WILSON, N.C. — The Barton College/Wilson Symphony will present its annual Fall Concert on Sunday, Nov. 23, at 3 p.m. in Barton College’s Kennedy Family Theatre. The orchestra, conducted by music director Mark N. Peterson, will feature two gifted soloists performing two beloved baroque concertos. Noted pianist Jeremy Thompson returns to Barton for his third appearance with the orchestra, this time playing the profound “Concerto in D Minor for Piano and Orchestra” BWV 1052 by Johann Sebastian Bach. Also featured will be Greenville resident guitarist John Porter playing Vivaldi’s delightful “Concerto in D for Guitar and Orchestra” RV 93. The orchestra will also present Mozart’s celebrated Serenade “Eine kleine Nachtmusik” K 525, and a tribute to the Mantovani Orchestra with a special arrangement of the classic hit “Charmaine.”
Admission for the fall orchestra performance will be $10 at the door or by season ticket. All students within the community, as well as faculty, staff, and students of Barton College, will be admitted free of charge. For additional information, please contact Sheila Wilson at 252-399-6309 or email: firstname.lastname@example.org.
A native of the small fishing village of Dipper Harbour in New Brunswick, Canada, Thompson has performed throughout North America and Europe, thrilling audiences with his virtuosity and the emotional and intellectual depth with which he performs. His studies at McGill University in Montreal included study with Marina Mdivani, who was a student of Emil Gilels. Thompson was honored with two of Canada’s most prestigious doctoral fellowships to pursue his doctoral studies, and, in 2005, he earned a Doctorate of Music in piano performance. During this time, Thompson performed with such orchestras as the Saint Petersburg State Academic Orchestra, the Saratov Philharmonic Orchestra, the Georgian National Orchestra, and the McGill Symphony Orchestra, as well as appearing extensively in recital performances, including a Debut Atlantic tour of Eastern Canada and three trips to the former Soviet Union.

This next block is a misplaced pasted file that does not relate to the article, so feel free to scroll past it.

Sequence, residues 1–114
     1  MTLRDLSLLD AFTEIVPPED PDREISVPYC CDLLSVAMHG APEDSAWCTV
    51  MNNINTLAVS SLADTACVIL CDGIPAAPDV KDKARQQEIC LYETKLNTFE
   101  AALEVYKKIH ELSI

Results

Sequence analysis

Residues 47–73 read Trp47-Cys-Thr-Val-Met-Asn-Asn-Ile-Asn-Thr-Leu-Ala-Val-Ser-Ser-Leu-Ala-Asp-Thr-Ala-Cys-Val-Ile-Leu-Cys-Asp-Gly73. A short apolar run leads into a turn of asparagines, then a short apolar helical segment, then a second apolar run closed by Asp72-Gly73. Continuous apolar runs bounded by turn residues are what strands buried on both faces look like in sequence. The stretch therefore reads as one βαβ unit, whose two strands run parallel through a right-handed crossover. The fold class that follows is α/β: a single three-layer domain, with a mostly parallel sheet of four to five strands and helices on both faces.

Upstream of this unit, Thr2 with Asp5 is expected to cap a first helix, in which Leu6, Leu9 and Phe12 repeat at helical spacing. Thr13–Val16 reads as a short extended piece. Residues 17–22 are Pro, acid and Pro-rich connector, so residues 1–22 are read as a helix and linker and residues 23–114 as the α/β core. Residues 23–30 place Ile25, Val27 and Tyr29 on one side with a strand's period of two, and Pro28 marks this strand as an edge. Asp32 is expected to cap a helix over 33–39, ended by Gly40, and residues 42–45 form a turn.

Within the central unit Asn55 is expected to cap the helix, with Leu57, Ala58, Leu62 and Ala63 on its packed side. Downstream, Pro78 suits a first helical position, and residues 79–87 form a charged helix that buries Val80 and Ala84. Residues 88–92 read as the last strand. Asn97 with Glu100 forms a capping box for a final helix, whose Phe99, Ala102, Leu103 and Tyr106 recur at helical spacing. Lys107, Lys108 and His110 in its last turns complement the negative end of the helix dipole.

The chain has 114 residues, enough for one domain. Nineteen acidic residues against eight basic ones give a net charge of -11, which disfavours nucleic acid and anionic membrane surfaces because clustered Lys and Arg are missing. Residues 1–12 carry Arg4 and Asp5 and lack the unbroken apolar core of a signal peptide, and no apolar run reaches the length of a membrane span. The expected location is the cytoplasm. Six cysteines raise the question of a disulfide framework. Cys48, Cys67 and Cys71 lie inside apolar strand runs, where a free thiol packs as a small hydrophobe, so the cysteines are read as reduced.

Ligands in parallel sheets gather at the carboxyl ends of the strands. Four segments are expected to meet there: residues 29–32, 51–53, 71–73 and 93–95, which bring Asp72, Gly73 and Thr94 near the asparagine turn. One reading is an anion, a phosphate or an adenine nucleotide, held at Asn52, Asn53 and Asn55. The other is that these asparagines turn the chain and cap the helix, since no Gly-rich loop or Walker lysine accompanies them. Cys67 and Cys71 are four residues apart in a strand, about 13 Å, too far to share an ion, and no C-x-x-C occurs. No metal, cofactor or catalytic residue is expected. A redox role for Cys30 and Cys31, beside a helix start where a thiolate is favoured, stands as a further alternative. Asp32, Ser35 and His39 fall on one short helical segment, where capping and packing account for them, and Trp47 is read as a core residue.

Porter is a gifted guitar performer and teacher. After graduating from Shenandoah Conservatory in 2006, he moved to Greenville to pursue his graduate studies in classical guitar at East Carolina University. Porter has studied with Joey Ikner, Dr. Glenn Caluda, and Dr. Elliot Frank. He has also performed in master classes with William Kanengiser, Bruce Holtzman, Ricardo Cobo, and Dusan Bogdanovic, to name a few. He has also studied Suzuki training with Andrea Canon and Bill Kossler. During his residency in Greenville, Porter has maintained a private studio where he teaches Suzuki guitar and traditional classical guitar students. His students have been recognized with top prizes in several youth division guitar competitions. Porter performs both as a soloist and a chamber musician, and he is often invited to guest teach at various guitar events, most recently at ECU’s internationally recognized Guitar Summer Workshop. In addition to maintaining his private studio, Porter also currently teaches at Barton College and Chowan University.